Regular readers will know how much I love Wes Craven, the pioneer of horror cinema and birdwatcher who sadly died from brain cancer yesterday at the age of 76. Let’s look back on The Last House on the Left, the very first film written, directed and edited by Wes Craven – or as my mum calls him, Wes Anderson.
The Last House on the Left is based on Ingmar Bergman’s The Virgin Spring and produced by Sean S. Cunningham, who’d go on to helm Friday the 13th. Made on the cheap, the film follows two young women (Sandra Peabody and Lucy Grantham) abducted on their way to a concert by a sadistic gang led by the terrifying Krug (David Hess) – named after the same childhood bully who’d eventually lend his name to Freddy Krueger.
Last House was widely censored upon its release in 1972, and took pride of place on the UK’s “video nasties” list thanks to its shocking publicity material (left). The film’s own claims about being based upon real events are bogus – a technique effectively repeated by The Texas Chain Saw Massacre, and every horror movie since. It took until 2008 for the BBFC to finally classify the uncut movie, which remains as disturbing now as ever.
But for 35 years, the censors had ignored the film’s political and deeply moral core. Although extremely violent from start to finish, Last House is quite clearly an anti-violence movie. Craven himself called it a “protest film”, rooted in anger towards the Vietnam War. “I spent a lot of time on the streets protesting the war,” Craven said, “and I wanted to show how violence affects people.”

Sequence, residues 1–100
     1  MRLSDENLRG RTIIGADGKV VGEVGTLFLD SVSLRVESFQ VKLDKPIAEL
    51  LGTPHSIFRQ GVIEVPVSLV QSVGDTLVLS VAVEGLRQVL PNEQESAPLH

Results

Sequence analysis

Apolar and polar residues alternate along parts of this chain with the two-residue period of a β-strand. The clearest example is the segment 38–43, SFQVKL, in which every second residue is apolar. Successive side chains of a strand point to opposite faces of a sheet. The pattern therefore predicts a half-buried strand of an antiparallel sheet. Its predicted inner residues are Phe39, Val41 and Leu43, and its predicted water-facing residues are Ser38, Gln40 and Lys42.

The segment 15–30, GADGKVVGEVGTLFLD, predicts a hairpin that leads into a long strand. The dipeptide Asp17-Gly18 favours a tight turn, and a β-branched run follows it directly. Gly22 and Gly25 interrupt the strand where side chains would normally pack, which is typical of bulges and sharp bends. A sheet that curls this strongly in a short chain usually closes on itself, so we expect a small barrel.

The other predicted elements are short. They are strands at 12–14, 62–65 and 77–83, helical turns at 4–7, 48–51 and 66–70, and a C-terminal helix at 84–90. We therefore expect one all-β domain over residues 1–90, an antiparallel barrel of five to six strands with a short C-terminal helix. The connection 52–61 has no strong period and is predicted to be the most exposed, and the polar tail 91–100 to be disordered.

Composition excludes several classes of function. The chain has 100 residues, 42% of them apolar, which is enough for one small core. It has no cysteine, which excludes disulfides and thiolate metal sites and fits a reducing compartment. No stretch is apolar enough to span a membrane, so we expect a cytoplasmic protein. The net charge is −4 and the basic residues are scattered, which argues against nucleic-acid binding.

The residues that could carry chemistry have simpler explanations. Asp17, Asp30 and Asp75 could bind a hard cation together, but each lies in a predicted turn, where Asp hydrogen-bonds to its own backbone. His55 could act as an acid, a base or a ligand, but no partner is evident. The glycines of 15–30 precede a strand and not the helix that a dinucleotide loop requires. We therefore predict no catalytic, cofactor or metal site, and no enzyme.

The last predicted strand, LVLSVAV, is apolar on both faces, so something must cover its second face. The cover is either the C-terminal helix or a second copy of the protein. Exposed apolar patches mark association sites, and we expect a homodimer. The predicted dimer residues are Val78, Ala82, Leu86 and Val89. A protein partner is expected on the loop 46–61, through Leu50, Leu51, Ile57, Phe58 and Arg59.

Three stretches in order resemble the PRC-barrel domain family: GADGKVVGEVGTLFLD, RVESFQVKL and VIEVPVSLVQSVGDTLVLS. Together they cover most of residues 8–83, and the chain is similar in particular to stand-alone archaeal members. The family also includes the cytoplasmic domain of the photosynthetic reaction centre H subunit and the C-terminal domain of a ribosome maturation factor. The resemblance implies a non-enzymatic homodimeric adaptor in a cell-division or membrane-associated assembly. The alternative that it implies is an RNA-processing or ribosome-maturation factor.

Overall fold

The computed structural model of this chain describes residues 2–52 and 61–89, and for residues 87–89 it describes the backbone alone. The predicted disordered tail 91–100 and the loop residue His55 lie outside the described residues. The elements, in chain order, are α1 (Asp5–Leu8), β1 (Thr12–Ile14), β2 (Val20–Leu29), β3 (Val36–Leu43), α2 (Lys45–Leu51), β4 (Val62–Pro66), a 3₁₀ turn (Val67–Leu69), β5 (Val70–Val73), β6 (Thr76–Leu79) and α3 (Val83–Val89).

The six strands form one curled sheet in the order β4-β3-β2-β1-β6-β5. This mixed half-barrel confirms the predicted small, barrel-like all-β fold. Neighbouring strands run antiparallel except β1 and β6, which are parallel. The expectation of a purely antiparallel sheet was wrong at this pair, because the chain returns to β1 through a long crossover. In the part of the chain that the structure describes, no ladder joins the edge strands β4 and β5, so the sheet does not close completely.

It’s this idea of violence affecting people that makes the film so vital. We see plenty of violent films and news reports, but few have the visceral power of Craven’s debut. His point-blank refusal to cut away from the horror was a conscious reaction to desensitised Hollywood violence. “You do not blink, you do not look away,” said Craven, “because then you become television, then you become American commercial movies.” And the more we ignore violence, the easier it becomes to inflict.
As a side-note, Craven famously walked out of an early screening of Reservoir Dogs. He objected to Tarantino’s use of violence as amusement, “which it isn’t to me.” This might explain why Tarantino recently implied that he could’ve directed Scream better than Craven – which, by the way, he could not. “There is no glory in this violence,” wrote Roger Ebert of The Last House on the Left, cutting to the heart of Craven’s unblinking and compassionate debut.
Anyway, I’m going to stop rambling about this film – there has been a great deal written about its artistic and cultural significance. To me, it’s a classic example of the horror genre being used for extraordinary political expression – a profoundly human film wrapped inside a ferocious exploitation picture. Wes Craven always used horror cinema to exorcise the demons he saw in the world. Without him, we might just be lost.